Based on these successes and after carefully addressing your IDES expansion concerns, the co-chairs of the Senior Oversight Committee agreed in July 2010 to expand the pilot and rename it IDES. Senior leadership of VA, the Armed Services, and the Joint Staff strongly supported this plan and the need for all Servicemembers to receive the benefits of this improved pilot model. We are now working together to launch IDES enterprise-wide. While we are very proud of the successes of this model, we are also aware of remaining challenges. We recognize that despite the overall reduction in combined processing time, VA can do better by improving exam timeliness. We also recognize that as we expanded outside of the National Capital Region, we had not yet developed robust business processes to certify each site’s preparedness before it became operational. This was a lesson learned at Ft. Carson, where the Departments have aggressively worked to remediate the issues of an unanticipated demand for disability exams. We also recognize that there have been successes, such as Ft. Riley, Kansas, where VA and Army leadership took steps to avoid such problems as those experienced at Ft. Carson. Through these efforts, and our analysis of lessons learned, we have developed Initial Operating Capability (IOC) readiness criteria that stress quality over expedience to ensure that future sites are operationally ready for IDES. For a site to be deemed ready it must: (1) be able to provide exam coverage through either the Veterans Health Administration, DoD, or contracted services; (2) have sufficient space and equipment for DoD and VA personnel; (3) meet VA information technology requirements; and (4) have local staff who have completed IDES training. If any of these criteria is not met, then IDES cannot operate at that proposed site.
In developing the plan for expansion, we will launch new sites in four stages over the course of fiscal year 2011. This will be done in quarterly increments between October 2010 and October 2011. Stage I of this expansion includes 28 locations on the West Coast and in the Southeast United States. Of the 28 locations, 16 will initially use contracted exam providers, and the remainder will provide exams in conjunction with a VA medical facility. Let me assure you that as we transition from the DES Pilot to IDES, we are jointly addressing the challenges I have highlighted and have taken active, concrete steps to ensure that we have the best, most effective program possible.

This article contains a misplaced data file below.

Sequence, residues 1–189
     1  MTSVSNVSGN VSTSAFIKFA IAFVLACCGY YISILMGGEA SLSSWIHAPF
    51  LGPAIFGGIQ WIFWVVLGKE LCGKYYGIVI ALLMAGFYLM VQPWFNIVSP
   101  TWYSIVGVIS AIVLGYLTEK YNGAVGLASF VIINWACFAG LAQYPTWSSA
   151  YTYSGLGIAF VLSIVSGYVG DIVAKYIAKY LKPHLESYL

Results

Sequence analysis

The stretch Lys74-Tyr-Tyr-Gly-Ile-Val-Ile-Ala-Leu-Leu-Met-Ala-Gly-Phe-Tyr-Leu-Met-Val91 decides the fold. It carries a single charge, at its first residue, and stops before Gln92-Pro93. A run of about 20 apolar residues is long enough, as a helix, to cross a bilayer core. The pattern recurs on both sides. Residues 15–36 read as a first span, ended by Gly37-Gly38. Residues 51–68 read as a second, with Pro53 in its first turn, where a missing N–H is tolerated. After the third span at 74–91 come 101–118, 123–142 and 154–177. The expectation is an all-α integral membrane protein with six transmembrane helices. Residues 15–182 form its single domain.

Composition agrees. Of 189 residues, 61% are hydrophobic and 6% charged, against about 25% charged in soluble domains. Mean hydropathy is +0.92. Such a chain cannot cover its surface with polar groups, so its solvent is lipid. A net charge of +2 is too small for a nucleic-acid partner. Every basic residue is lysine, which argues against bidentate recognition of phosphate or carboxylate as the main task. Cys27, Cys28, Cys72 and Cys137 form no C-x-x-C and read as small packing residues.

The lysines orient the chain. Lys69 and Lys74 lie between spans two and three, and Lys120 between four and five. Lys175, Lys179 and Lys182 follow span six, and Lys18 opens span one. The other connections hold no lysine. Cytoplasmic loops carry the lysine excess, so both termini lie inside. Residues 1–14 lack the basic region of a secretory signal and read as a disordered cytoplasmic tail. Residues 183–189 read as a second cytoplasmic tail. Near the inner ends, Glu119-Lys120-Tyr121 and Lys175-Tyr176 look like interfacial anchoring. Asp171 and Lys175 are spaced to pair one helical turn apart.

On September 27-30, 2010, VA and DoD hosted a joint Training/Planning conference that set the stage for the roll-out of the next 28 sites. The conference resulted in improved communications between VA and DoD at each site, individual site assessment analyses and evaluations, and development of joint local plans to meet IOC requirements. This conference will be followed by similar events over the next few months as we prepare for the remaining stages of IDES implementation. In fact, VA and DoD began a conference on November 16, 2010, which is wrapping up its work today.
As we move forward, we are mindful of the concerns and recommendations of the Government Accountability Office (GAO) in its recent draft report currently entitled “Military and Veterans Disability System: Pilot has Achieved Some Goals but Further Planning and Monitoring Needed.” VA is currently drafting responses to the GAO recommendations.
VA and DoD have jointly worked on improving and expanding the DES pilot so that Servicemembers can benefit from a uniform and integrated program. Secretary Shinseki and Secretary Gates continue to provide leadership, commitment, and support to ensure a successful transition from the legacy DES process to the IDES without compromising quality for expediency. In fact, on a recent visit to Ft. Drum, Secretary Shinseki held a roundtable with Servicemembers and received feedback on IDES. We are incorporating his findings into IDES.
While we are pleased with the joint efforts and progress made, there is much more to do. VA and DoD are committed to providing more support for our Nation’s wounded, ill, and injured warriors and Veterans through an improved IDES. As such, we believe that continued partnership with DoD is critical and no less than our Servicemembers and Veterans deserve.
Thank you again for your support to our wounded, ill, and injured Servicemembers, Veterans, and their families. Mr. Chairman, this concludes my testimony. I will be happy to respond to any questions that you or other Members may have.